Tonight’s concert with Riders In The Sky and the Nashville Symphony was a pure delight, start to finish.
They’re recording a live CD during this three-night run, and those attending the concert had the opportunity to pre-order an autographed copy accompanied by a 30th-anniversary RITS pin. I sprung for it before the concert, and was even gladder I did after the concert.

It’s funny but, as “Ranger Doug” Green stated in an interview in this month’s program, as the years go on the band members just look more and more like real cowboy stars. Woody Paul, particularly, looks like an old western star.

My parents enjoyed the concert as well, particularly my father, who loves that style of music but has had only a vague familiarity with the group.

The first part of the concert, with just the symphony, was fine as well. Kelly Corcoran (“Cowgirl Kelly,” as the Riders referred to her) conducted western-themed film scores from “The Cowboys” and “Dances With Wolves,” as well as selections from Aaron Copland’s “Rodeo.” I love anything by Aaron Copland. Of course, I’m so pop-culture oriented that I still think of the fourth Copland selection they played, “Hoe-Down,” as the “Beef: It’s What’s For Dinner” theme.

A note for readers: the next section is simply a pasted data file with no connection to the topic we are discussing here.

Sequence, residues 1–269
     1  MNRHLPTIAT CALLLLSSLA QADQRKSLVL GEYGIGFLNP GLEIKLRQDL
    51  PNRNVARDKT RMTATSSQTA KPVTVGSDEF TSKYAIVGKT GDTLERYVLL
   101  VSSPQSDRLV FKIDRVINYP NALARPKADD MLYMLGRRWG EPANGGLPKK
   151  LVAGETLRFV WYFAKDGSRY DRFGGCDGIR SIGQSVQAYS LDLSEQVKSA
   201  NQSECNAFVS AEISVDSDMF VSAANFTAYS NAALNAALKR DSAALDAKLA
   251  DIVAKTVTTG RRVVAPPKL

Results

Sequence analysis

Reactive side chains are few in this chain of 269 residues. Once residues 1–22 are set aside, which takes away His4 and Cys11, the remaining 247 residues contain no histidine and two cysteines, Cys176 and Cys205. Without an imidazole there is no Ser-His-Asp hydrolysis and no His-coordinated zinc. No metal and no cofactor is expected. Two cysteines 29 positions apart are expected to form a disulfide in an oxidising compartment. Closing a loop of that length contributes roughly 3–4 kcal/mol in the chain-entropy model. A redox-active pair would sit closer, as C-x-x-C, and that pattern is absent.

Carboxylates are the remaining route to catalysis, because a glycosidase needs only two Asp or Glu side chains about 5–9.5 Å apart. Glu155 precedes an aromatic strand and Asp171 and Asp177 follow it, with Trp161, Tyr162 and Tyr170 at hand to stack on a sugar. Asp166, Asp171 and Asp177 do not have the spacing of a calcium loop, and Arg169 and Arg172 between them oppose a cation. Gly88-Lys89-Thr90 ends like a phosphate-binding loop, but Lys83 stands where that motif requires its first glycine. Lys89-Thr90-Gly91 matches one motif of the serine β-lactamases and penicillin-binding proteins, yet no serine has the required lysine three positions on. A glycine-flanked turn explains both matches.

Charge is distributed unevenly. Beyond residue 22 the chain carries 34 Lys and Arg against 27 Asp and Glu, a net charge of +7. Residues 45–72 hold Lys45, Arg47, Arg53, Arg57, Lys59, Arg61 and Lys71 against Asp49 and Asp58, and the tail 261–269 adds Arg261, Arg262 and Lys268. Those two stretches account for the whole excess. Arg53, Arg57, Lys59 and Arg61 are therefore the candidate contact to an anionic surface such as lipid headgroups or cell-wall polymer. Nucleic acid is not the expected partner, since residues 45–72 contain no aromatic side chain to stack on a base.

It’s the cowboy way, as Ranger Doug would say.

The Idol of American Youth, et al

The Nashville Symphony announced its 2008-2009 schedule today. Even though it’s more than a year from now, I may have to try to figure out some way to attend this pops concert, either through my symphony connections or by getting my parents to get an extra ticket for that night’s concert when they make their reservations for next year. (They have had a ticket package with the symphony for several years now.)

My brother and I went to see Riders In The Sky at a taping of their public radio show, “Riders’ Radio Theatre,” many years ago at TPAC. Here’s how long ago: their guest star for one of the two episodes taped that night was a young up-and-coming country star. Michael and I looked at each other and said something like, “Wow — he’s good.”

His name was Garth something-or-the-other.